How rejections damage our psychological and emotional well-being
Rejection really hurts but most rejections inflict damage to our psychological well-being that goes way beyond mere emotional pain. Here are ten lesser known facts that describe the various psychological impacts rejections have on our emotions, thinking, and behavior. Let’s begin by examining why rejection hurts as much as it does.
1. Rejection piggybacks on physical pain pathways in the brain: fMRI studies show that the same areas of the brain become activated when we experience rejection as when we experience physical pain. This is why rejection hurts so much (neurologically speaking). In fact our brains respond so similarly to rejection and physical pain that:
2. Tylenol reduces the emotional painrejection elicits. To test the hypothesis that rejection mimics physical pain, scientists gave some people Tylenol (acetaminophen) before asking them to recall a painful rejection experience. Participants who received Tylenol reported significantly less emotional pain than subjects who received a sugar pill. Psychologists assume there is a specific reason for the strong link between rejection and physical pain. Specifically:
3. Rejection served a vital function in our evolutionary past. In our hunter gatherer past, being ostracized from our tribes was akin to a death sentence, as we were unlikely to survive for long alone. Evolutionary psychologists assume the brain developed an early warning system to alert us when we were at risk for ostracism. Because it was so important to get our attention—those who experienced rejection as more painful (i.e., because rejection mimicked physical pain in their brain) gained an evolutionary advantage—they were more likely to correct their behavior and consequently, more likely to remain in the tribe. Which probably also explains why:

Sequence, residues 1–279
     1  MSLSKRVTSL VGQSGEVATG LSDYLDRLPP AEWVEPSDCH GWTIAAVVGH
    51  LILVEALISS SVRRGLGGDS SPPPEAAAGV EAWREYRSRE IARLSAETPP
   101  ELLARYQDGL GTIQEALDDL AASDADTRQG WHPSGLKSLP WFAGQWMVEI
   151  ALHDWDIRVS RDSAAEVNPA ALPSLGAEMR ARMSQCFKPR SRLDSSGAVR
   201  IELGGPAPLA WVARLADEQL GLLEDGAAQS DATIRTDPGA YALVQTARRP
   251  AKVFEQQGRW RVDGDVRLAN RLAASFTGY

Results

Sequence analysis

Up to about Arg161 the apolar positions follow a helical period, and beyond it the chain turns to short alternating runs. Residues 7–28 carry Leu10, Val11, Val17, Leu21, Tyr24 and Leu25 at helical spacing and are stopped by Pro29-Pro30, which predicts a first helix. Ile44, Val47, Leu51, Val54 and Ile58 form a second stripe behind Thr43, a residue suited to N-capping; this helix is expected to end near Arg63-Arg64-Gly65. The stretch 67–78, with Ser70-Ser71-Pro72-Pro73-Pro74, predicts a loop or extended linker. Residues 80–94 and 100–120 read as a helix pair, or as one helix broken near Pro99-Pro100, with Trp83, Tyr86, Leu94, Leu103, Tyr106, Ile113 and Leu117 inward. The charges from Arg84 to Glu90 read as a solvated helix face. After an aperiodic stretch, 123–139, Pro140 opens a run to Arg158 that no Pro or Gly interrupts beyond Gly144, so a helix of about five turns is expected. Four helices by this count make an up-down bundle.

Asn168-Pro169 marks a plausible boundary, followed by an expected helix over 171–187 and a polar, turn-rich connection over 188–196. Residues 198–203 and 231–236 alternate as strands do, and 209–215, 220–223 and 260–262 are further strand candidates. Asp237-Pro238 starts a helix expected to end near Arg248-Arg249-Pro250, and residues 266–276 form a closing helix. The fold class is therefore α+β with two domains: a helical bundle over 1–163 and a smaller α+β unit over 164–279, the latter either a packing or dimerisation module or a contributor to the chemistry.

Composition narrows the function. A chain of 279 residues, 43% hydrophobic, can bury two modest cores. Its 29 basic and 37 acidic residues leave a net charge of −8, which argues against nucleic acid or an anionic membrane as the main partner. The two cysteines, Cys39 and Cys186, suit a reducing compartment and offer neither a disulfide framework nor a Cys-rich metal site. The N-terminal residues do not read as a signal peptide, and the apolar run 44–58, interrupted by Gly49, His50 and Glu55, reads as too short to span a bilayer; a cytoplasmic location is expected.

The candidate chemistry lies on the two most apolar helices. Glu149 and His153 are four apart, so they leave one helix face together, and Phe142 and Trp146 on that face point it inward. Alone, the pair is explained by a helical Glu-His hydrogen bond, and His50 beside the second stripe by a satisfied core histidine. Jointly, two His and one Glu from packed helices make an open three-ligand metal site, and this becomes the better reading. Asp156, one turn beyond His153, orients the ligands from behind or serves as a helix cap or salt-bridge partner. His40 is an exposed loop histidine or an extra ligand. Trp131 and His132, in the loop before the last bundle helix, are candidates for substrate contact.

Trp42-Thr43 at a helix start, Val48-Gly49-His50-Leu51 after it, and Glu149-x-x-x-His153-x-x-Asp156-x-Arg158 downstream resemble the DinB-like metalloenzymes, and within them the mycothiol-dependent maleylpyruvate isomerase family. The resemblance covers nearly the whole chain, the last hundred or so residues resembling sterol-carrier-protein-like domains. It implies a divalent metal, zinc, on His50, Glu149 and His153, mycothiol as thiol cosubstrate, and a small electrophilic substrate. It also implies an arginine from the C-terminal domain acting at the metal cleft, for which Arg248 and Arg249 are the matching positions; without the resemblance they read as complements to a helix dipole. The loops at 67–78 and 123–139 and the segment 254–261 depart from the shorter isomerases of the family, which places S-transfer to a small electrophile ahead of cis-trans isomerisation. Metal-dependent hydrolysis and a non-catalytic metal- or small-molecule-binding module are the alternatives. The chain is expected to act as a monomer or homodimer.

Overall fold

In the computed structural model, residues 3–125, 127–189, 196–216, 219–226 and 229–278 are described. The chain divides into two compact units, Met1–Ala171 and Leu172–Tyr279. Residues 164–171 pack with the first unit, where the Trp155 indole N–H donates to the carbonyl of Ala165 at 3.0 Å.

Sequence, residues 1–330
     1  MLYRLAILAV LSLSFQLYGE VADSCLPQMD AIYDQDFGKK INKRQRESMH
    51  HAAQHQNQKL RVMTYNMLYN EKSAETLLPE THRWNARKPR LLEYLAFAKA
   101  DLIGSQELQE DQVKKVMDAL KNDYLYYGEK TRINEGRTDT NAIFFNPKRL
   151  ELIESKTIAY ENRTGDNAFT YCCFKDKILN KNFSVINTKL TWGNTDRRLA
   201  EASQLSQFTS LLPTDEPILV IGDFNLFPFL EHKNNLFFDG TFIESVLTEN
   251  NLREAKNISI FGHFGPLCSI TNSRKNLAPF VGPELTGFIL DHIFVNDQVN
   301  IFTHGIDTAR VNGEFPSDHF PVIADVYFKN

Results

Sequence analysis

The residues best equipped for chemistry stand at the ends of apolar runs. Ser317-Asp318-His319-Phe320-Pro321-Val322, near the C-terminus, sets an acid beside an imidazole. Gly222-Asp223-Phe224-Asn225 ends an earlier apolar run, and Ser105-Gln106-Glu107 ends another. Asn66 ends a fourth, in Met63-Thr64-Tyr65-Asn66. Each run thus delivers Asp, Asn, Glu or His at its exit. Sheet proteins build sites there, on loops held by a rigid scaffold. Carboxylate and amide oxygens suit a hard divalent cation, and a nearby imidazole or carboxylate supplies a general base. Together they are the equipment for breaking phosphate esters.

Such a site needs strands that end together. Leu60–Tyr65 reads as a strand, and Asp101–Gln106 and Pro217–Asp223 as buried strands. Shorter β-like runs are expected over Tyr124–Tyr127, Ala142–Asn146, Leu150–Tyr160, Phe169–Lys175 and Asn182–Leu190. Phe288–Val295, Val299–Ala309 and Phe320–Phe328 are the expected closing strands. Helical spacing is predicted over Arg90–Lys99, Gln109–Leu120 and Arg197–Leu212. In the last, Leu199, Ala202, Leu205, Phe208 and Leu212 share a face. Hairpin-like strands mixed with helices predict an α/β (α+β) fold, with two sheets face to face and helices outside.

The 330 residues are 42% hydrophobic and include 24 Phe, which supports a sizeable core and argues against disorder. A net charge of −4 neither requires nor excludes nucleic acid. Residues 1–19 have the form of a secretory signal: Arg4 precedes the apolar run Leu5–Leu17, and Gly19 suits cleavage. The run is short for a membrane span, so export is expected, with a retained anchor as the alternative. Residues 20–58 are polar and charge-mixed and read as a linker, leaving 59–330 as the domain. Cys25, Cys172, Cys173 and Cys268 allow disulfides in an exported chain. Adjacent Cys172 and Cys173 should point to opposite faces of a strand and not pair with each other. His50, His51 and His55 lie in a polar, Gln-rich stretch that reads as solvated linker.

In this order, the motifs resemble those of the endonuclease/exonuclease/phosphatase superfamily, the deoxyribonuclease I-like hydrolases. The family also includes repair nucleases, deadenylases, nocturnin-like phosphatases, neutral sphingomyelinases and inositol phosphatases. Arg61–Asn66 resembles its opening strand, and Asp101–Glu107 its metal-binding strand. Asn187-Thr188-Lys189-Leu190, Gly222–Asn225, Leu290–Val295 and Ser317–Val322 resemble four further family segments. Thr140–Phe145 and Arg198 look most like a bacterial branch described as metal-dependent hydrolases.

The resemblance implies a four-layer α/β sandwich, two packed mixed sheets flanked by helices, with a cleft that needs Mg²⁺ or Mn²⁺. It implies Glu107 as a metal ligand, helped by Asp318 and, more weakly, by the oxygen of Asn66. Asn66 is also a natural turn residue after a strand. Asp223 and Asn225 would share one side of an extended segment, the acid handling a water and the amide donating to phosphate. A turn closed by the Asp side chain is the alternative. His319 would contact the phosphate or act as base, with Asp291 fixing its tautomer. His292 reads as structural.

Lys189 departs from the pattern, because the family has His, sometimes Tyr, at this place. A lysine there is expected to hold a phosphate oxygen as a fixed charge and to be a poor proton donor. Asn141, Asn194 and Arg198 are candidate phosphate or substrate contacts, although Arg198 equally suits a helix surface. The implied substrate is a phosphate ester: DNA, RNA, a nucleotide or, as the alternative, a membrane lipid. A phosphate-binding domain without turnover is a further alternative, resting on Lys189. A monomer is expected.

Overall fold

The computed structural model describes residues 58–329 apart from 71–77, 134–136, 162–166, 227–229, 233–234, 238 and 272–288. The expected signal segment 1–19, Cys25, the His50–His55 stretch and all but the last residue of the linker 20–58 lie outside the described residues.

4. We can relive and re-experience social pain more vividly than we can physical pain. Try recalling an experience in which you felt significant physical pain and your brain pathways will go, ‘meh’. In other words, thememory alone won’t elicit physical pain. But try reliving a painful rejection (actually, don’t—just take my word for it), and you will be flooded with many of the same feelings you had at the time (and your brain will respond much as it did at the time too). Our brain prioritizes rejection experiences because we are social animals who live in ‘tribes’. This leads to the next aspect about rejection we often overlook:
5. Rejection destabilizes our ‘Need to Belong’. We all have a fundamental need to belong to a group (or tribe). When we get rejected, this need becomes destabilized and the disconnection we feel adds to our emotional pain. Reconnecting with those who love us, reaching out to members of groups to which we feel strong affinity and who value us and accept us, has been found to soothe emotional pain after a rejection. Feeling alone and disconnected after a rejection has another often overlooked impact, this time, on our behavior: